[8] Before: John T. Noonan, A. Wallace Tashima, and Richard C. Tallman, Circuit Judges.

[9] The opinion of the court was delivered by: Noonan, Circuit Judge


[11] Argued and Submitted August 8, 2001--Seattle, Washington

[12] Opinion by Judge Noonan; Concurrence by Judge Tashima


[14] Tammy Nicholas and the other named plaintiffs (collectively the plaintiffs) appeal the judgment of the district court for the Western District of Washington granting summary judgment to King County and the other named defendants (collectively the defendants). The plaintiffs alleged violation by the defendants of 42 U.S.C. §§ 1983 and 1988 and specifically of their right to privacy under the due process clause of the fourteenth amendment, as well as a variety of torts under Washington law. The wrongs alleged arose from a prison officer, Michael Graber, one of the defendants, releasing the names of the plaintiffs, personnel who had been involved in restraining Robert Guy, a prisoner suffering from an overdose of cocaine. Graber had given this information to an angry group of Guy's family and friends at a time they knew that Guy was near death. The plaintiffs' contention is that the release of the information was done with deliberate indifference to the danger to them and that this indifference continued in the refusal of the defendants to afford them protection from the danger. Holding that the plaintiffs failed to produce evidence that would create a triable issue of material fact showing that the danger was known or obvious to the defendants, we affirm the judgment of the district court.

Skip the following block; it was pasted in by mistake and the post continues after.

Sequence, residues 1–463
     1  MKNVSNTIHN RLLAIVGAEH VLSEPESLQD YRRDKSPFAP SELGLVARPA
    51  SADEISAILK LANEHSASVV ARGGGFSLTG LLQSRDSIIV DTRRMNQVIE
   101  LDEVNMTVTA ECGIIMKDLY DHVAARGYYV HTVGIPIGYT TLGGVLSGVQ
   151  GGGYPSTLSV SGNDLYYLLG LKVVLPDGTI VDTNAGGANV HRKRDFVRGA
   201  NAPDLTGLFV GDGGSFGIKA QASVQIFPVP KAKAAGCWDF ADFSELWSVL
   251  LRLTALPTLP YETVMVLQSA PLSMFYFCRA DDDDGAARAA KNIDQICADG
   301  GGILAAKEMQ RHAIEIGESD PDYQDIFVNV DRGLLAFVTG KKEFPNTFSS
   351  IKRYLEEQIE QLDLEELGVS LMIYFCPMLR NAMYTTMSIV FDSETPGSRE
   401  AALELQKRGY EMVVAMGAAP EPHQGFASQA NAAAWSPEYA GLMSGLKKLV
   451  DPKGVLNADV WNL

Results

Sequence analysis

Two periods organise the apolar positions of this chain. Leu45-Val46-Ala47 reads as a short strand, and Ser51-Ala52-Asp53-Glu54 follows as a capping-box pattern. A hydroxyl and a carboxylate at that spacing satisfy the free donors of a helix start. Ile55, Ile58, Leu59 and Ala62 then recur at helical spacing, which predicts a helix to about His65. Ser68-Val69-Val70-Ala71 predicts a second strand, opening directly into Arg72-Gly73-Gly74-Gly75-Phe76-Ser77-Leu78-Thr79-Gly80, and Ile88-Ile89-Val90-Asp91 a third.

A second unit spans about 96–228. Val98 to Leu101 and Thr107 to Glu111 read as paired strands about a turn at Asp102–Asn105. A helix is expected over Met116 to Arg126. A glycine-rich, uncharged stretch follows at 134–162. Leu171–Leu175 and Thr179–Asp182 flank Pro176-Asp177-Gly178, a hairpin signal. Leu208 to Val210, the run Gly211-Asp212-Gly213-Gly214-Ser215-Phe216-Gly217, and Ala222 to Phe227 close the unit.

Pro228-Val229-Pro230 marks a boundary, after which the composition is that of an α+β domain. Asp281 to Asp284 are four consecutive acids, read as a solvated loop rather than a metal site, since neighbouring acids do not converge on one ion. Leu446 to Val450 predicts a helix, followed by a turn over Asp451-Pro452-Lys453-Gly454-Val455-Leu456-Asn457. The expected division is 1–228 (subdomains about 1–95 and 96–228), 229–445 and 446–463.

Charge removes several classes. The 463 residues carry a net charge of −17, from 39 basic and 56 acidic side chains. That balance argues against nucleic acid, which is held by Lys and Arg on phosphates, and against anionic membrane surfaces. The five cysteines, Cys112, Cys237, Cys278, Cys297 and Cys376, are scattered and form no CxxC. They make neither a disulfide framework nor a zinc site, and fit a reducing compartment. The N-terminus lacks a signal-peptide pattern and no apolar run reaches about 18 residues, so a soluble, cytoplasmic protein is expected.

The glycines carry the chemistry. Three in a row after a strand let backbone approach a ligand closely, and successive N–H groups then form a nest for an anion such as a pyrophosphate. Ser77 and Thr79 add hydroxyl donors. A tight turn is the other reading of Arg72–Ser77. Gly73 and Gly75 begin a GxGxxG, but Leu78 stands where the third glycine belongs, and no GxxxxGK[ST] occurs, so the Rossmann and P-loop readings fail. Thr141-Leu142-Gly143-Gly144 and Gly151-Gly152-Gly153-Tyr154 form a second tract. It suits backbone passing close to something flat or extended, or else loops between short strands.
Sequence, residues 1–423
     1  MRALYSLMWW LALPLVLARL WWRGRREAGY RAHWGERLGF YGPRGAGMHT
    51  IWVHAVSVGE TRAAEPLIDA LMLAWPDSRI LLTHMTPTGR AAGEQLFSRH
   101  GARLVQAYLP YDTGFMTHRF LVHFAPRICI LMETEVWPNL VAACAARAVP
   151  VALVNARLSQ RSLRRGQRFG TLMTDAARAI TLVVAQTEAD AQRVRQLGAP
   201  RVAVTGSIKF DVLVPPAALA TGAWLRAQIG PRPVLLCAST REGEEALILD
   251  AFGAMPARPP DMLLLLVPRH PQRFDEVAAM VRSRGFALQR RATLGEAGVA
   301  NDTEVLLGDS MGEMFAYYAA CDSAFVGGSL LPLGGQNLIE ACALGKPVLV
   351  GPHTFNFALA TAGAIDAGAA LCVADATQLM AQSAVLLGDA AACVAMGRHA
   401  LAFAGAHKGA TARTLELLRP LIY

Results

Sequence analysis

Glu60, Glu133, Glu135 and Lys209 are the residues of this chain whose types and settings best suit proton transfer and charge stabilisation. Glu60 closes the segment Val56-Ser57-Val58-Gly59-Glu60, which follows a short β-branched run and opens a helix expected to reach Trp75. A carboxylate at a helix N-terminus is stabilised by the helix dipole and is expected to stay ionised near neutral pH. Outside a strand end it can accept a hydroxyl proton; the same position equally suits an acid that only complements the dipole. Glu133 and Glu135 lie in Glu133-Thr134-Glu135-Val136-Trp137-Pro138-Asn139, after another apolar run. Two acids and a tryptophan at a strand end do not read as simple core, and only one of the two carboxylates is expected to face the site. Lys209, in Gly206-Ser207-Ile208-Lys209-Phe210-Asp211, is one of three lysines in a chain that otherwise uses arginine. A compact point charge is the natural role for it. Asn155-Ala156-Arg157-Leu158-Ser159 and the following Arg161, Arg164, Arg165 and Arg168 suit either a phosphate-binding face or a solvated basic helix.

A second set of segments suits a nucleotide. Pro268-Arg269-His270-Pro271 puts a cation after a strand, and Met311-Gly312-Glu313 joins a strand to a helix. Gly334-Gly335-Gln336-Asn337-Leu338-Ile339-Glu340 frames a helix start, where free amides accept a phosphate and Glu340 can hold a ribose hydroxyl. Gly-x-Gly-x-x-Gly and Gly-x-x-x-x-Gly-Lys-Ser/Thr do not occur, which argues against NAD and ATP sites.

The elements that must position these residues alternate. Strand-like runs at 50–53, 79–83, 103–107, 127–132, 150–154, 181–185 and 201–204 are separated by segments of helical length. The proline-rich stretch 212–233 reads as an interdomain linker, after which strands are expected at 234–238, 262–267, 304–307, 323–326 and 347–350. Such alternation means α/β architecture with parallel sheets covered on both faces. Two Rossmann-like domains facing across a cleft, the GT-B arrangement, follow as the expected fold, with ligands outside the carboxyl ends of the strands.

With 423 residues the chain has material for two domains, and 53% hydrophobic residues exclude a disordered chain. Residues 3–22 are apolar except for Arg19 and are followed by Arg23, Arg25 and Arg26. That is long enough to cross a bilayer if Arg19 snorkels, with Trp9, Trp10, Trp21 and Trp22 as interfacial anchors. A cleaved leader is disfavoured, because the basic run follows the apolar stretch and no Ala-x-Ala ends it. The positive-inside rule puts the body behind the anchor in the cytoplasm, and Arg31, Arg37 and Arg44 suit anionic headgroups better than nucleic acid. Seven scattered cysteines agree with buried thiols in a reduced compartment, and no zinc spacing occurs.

[15] FACTS

[16] Reviewing the evidence in the light most favorable to the non-moving party, the following was established: On December 29, 1997, Robert Guy, an inmate of the King County Jail, was engaged in bizarre behavior, throwing himself into the walls, diving off his bunk, and smashing his head. The plaintiffs, corrections officers and health department nurses, responded to an emergency call for help. Several officers struggled with Guy and handcuffed him. They began to move him to the psychiatric area on the seventh floor for observation. He was still yelling and struggling. They used pepper stray to control him. Then they put him on a restraint board. At this point Guy stopped breathing and had no pulse. A nurse performed CPR, the paramedics were called, Guy was revived and transferred to Harborview Medical Center. Guy's family was notified and came to the hospital the next morning. Guy was comatose and later died.

[17] On December 31, 1997, Guy's mother asked to see the incident reports. Michael Graber, jail Facility Commander and an employee of the King County Department of Adult Detention, consulted Jill Hendrix, Senior Deputy Prosecutor. Hendrix advised him that the reports should be disclosed pursuant to Washington's Public Disclosure Act (the PDA). Wash. Rev. Code § 42.17. On the same day as Guy's mother's request, Graber went to the hospital to deliver copies of the reports. He did not redact them to eliminate the names of personnel who had participated in Guy's restraint and removal.